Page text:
Resurecting a 1964 Aurora 1:48 Chinook

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    I had been thinking about what it would be like to do a full scratch built restoration on a Chinook Model, including stringers, formers, wiring and crewmembers, but seeing as how the 1:48 kits are so rare these days, the possibility seemed remote at best.    During early Spring, 2001, Dave Knudsen contacted me in regards to an old Aurora Chinook model that he'd found in his attic which had once been built, but now lay in pieces, asking if I would like to take it and attempt a re-build; what a challenge!

The day it arrived in the mail was memorable because it almost got lost when he mailman delivered the package four doors down. (woooah, I bet that's never happened before... NOT)    Anyway, I opened the box and poured out the contents on my kitchen table.     As I held the fuselage up to look inside via the excised slide away ramp door, these visions started dancing around in my head of the possibilities! ie: "Fully detailed interior, much like what one would have seen had they looked inside the real thing." and "Maybe even functional cabin lights that can be turned on and off by the observer?"    Well, needless to say, I was being consumed by the prospects of it all! ;-)

    Out of much curiosity and day dreaming, I started dissecting the old model, which Dave had originally built as an ACH-47.    I planned on just making the stringers next to the windows, but with such an open fuselage, only a full restoration would do.      To remove all the ancient layers of paint, I used "Easy-Off" oven cleaner with an old toothbrush. (very messy and smelly)     After all the old paint is gone I used "Pledge" Furniture Polish and a solt cloth to buff it to a 'just out of the box' finish!

    There are a couple of area's on the Aurora kit that need extensive modifications to be accurate; the most noticable two are the Forward Pylon and Chin Bubbles.     Let's look at the Chin Bubbles:     the kit has the Chin Bubbles looking like the ones on the early CH-46 models, where Chinook Chin Bubbles were larger and ran all the way up to the outward bottom corners of the windshield.      I referenced actual photographs to get the exact lines, then drew them into the plastic with a permanent marker, then scribed along those lines with my scribing instrument.    Now in a plastic container (flower pot from the Dollar Store) I poured almost full of plaster.      While the plaster was setting up, I sanded the ridges/seams down that was on the nose of the assembled fuselage, then sprayed a light coat of PAM onto the nose.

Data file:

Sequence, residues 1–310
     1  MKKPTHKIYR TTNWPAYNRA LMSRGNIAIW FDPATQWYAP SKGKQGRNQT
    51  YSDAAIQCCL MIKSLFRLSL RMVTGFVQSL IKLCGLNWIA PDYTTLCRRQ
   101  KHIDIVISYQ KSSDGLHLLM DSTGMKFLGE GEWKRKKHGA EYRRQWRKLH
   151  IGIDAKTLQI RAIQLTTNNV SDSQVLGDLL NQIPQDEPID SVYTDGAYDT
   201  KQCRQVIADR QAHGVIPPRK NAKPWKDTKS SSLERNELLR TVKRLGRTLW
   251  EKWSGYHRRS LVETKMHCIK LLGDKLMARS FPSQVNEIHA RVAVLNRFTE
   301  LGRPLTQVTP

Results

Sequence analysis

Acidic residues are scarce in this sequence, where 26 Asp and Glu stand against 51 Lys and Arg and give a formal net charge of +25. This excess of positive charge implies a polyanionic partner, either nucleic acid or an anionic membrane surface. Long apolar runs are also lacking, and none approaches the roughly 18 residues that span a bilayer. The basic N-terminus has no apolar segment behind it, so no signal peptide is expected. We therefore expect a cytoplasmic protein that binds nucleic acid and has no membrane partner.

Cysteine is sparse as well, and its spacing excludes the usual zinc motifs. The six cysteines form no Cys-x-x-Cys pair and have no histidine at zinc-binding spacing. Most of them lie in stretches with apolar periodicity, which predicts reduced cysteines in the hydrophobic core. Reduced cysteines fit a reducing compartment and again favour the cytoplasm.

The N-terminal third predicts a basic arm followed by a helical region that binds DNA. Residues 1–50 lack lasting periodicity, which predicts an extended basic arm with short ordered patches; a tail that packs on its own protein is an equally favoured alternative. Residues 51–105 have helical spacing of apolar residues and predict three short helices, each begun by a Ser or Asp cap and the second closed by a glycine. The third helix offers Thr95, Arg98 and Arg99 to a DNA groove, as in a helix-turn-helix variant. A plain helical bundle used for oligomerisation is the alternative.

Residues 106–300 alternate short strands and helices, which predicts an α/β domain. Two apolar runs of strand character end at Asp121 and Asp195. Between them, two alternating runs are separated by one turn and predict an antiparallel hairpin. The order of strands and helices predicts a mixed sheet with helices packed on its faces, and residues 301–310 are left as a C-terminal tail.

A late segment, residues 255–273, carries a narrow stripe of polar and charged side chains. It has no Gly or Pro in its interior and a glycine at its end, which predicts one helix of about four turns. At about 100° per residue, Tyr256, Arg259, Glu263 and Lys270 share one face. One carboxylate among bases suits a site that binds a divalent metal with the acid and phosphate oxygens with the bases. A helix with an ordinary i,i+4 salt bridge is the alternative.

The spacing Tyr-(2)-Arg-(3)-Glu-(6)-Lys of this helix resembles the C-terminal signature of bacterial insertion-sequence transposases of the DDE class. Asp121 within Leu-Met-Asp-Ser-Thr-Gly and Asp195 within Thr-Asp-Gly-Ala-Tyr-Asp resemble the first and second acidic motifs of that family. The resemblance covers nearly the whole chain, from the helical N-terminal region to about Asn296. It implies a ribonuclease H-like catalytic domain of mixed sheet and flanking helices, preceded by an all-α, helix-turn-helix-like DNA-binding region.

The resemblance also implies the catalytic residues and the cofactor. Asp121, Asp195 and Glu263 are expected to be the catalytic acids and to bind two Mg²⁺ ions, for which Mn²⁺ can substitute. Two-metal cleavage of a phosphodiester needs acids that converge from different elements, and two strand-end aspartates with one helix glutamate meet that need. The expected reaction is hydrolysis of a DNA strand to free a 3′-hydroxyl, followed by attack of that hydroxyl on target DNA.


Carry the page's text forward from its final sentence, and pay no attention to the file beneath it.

When the plaster was about halfway between liquid and solid, I placed the nose of the Chinook model into it for about a minute, then pulled it out.

    If I'd done this too early, the plaster would fill back in once I pulled the model out... too late, and the surrounding plaster would bend and crack... anyway, I let it completely set up overnight.      The next morning I sprayed a bit of PAM into the plaster mold, and poured some more plaster into it... 6 hours later I took that blank out, the chin bubble scribed lines are visible in the blank, now it's ready to vacuform the new chin bubbles.     You can see in the picture above, how I had filled/re-cut the No.1 Gunners Window and scribed all the panel lines & rivits into the fuselage.     Scribing was VERY time consuming but had to be done to make it look right.

    On to the front Pylon detail: the first thing that's noticable is the back part of it is too high.      Looking at a picture, I scribed out the true lines and marked them, then using my Drummel Saw, cut the back portion of the pylon off from just behind the rotor head to the mark I'd made on the aft part.     Now I held a piece of sheet styrene over the place I'd cut out and marked where the overlapping rim should be and cut it out.     I then glued it in the empty space, filled the angles with putty, then after they dried, sanded them down to proper shape.

    On the sides of the pylon, I drilled several small holes in the plastic, then layered putty out to desired thickness.     After the putty dried, I sanded it down to shape... this part is easy as long as you don't get too carried away with the sand paper... :-O

     You can also see a sampling of the scribe lines and rivots in the plastic. *Reference Pictures*

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